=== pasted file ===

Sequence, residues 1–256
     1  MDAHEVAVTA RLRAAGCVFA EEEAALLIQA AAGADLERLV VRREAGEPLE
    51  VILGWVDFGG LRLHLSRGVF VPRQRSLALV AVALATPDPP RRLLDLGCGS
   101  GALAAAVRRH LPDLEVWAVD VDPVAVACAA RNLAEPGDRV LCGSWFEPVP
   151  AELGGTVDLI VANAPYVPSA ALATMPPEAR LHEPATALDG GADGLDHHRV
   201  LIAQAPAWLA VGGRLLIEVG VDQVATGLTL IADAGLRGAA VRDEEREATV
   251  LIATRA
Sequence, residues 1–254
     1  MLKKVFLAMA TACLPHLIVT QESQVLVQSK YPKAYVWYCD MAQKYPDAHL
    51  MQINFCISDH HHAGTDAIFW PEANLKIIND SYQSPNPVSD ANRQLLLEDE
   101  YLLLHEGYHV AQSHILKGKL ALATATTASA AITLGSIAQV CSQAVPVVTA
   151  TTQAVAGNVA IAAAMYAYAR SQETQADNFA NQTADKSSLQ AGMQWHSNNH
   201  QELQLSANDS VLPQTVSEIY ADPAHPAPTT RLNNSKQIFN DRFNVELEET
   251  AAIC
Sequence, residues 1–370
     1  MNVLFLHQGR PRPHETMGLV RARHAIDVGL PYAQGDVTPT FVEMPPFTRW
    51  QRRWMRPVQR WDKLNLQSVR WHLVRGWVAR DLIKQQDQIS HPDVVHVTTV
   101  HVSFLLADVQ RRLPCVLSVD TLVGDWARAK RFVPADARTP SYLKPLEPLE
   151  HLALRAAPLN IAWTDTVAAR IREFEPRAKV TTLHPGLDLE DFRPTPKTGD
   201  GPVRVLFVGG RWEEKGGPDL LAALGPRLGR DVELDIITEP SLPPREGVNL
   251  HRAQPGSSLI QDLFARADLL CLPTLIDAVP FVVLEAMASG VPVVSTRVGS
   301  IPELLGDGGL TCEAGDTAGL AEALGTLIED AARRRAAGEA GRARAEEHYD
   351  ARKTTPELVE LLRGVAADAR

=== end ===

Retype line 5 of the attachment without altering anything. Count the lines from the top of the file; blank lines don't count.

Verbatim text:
   151  AELGGTVDLI VANAPYVPSA ALATMPPEAR LHEPATALDG GADGLDHHRV